While there are no specific criteria that make a cob house sustainable, many cob builders are drawn to the practice for its connection to the natural environment. “It’s up to the designer and homeowner to decide how to best utilize cob as well as consider other ways to improve energy efficiency, responsible resource usage, and building according to individual and family needs,” Kentucky-based cob house builder Ziggy Liloia said. 

“There’s a profound feeling of shelter, protection and sturdiness,” Liloia said. “Being wrapped in something handmade is a wonderful experience.”

“There’s no limit to building with cob,” Liloia added. “Houses can take on any shape, design or style, and the walls are load-bearing, so the need for framing is reduced or eliminated,” he added. Because you don’t need framing for a cob house, it eliminates the need for traditional construction techniques and disruptive equipment, and therefore, emissions. Cob house builders tend to use manual techniques for the building process, Liloia said. 

The materials that make up cob houses are able to absorb and retain heat from the sun, which provides natural heating and cooling systems. Known for being durable and stable, in many ways, cob houses don’t feel like conventional homes. “There’s a profound feeling of shelter, protection and sturdiness,” Liloia said. “Being wrapped in something handmade is a wonderful experience.”

3. Passive House

Passive homes are designed to reduce energy consumption and minimize the house’s environmental impact. This house design is becoming increasingly popular in places with colder climates, like Upstate New York.   

But what does “passive” really mean here? Typically, passive houses are constructed in a way that makes them highly insulated and airtight, increasing the home’s self-sufficiency. You don’t have to rely on air conditioning or a furnace to regulate the home’s temperature.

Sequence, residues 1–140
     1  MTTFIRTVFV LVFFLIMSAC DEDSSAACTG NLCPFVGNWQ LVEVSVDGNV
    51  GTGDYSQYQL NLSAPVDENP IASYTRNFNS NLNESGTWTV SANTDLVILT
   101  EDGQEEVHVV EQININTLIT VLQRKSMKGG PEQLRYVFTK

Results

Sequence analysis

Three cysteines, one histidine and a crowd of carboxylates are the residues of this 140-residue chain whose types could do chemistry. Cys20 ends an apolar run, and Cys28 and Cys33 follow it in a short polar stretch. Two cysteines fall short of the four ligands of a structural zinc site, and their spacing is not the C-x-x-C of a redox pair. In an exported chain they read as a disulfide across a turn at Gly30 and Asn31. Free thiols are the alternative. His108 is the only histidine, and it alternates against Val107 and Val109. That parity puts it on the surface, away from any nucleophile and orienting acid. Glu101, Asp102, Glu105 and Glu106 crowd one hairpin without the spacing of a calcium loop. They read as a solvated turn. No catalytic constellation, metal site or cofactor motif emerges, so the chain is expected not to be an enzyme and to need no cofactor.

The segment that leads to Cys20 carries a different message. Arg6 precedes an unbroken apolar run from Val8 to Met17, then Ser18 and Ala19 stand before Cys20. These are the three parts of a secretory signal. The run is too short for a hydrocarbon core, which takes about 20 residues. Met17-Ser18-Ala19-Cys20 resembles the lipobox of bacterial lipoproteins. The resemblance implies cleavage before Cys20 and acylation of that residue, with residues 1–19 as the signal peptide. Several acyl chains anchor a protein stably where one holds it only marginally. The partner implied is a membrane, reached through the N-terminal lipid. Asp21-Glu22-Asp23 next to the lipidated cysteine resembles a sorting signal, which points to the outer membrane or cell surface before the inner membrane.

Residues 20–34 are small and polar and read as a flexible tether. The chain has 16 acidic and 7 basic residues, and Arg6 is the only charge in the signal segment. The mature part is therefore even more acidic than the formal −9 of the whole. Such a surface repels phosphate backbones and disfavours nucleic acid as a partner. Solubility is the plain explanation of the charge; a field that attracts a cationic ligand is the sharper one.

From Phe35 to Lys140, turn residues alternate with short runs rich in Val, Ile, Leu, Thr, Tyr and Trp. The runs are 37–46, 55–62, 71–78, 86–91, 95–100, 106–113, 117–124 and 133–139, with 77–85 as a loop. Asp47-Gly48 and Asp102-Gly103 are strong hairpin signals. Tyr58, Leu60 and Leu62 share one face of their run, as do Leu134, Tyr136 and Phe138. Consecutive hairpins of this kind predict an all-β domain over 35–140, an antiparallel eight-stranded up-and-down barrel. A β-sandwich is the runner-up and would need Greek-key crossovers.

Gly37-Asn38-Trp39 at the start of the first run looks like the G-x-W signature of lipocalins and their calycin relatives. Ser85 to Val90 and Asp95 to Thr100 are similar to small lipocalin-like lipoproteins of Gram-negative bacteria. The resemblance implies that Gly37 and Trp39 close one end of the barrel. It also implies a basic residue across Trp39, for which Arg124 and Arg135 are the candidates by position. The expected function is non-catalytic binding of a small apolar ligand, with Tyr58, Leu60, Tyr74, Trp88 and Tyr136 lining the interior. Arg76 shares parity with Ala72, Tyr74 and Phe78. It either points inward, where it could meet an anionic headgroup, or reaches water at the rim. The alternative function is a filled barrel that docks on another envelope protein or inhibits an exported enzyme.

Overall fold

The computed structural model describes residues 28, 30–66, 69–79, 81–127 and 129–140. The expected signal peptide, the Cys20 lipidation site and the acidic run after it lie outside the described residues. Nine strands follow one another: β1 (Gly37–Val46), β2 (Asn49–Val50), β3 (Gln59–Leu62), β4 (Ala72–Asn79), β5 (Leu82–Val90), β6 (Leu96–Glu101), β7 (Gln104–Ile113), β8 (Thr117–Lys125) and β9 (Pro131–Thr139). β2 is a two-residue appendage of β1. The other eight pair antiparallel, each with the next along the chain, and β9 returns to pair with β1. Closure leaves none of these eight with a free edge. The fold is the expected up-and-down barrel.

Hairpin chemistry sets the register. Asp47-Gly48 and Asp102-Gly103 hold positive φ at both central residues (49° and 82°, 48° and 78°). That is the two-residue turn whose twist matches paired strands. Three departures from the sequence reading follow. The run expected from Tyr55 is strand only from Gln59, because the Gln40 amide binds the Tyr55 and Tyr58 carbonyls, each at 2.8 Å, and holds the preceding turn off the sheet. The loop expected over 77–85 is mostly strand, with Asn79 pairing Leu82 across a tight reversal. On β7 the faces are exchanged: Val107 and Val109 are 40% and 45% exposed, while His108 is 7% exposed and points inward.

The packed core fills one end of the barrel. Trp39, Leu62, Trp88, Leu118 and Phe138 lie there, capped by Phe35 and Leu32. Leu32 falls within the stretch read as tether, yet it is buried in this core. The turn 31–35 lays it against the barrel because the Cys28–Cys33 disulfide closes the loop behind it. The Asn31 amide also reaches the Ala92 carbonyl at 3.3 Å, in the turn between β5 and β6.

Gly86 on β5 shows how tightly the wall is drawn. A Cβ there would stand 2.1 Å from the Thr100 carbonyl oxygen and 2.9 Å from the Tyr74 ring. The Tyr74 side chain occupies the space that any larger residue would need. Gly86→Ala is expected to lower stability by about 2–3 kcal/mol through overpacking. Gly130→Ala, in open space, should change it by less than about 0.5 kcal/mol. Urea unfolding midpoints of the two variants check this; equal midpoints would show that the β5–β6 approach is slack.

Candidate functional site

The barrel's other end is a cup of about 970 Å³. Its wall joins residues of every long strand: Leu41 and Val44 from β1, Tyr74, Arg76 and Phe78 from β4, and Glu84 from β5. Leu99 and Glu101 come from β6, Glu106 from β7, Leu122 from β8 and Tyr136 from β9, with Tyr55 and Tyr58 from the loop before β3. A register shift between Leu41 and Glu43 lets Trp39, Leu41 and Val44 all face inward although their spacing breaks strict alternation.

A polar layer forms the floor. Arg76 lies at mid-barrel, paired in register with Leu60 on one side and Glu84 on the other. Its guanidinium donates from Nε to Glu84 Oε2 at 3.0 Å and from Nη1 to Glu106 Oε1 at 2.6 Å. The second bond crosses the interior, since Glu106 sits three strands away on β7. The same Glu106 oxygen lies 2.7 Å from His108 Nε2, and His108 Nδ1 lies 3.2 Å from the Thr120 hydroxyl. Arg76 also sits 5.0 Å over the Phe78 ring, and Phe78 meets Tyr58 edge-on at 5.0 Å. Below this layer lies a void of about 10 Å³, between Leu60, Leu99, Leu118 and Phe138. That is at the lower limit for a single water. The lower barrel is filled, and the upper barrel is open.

Design features and technologies that are used in passive houses might include high-performance windows, ventilation systems that recover heat from exhaust air and efficient cooling and heating systems. Green roofs — roofs that are partially or completely covered with vegetation and can help cool the home — are often common features of passive houses.

Passive solar heating — which involves positioning the building and its windows to maximize sunlight that enters the building — is also often used in passive homes.

With all of these things in mind, in order for a home to achieve certification as a passive house, it must meet strict energy efficiency standards that are set by PHI (the Passive House Institute of PHIUS (Passive House Institute US), which includes limits on energy consumption for heating and cooling and requirements for insulation and airtightness.

4. Tiny home

Tiny homes are compact houses that are generally 400 square feet or smaller. While not all tiny homes are built to the same green standards, their small footprint alone tends to bring obvious sustainability benefits. Owners of tiny homes typically live with less, and the house itself generally requires reduced energy usage and can offer a more affordable path to a greener lifestyle.

Maria Saxton, a Virginia-based community planner, surveyed 80 tiny home downsizers across the United States and found that overall, ecological footprints were reduced by about 45 percent, on average compared to their footprints before they downsized.

One aspect of this, of course, is that tiny homes require significantly fewer materials than their single-family counterparts to build, Dan Louche, builder and owner of Tiny Home Builders, said. The average square footage of an occupied home today is 1,753 square feet, according to Zillow research.

“This means less wood harvested from forests, less products produced in a factory, and less transportation of goods to the store and ultimately, the consumer,” he said.

In addition, tiny homes are generally much more energy efficient. This is due not only to their size, but also the way they’re constructed, Louche said. Most tiny homes are built using some of the most efficient insulations and building techniques, so they require significantly less energy to heat and cool.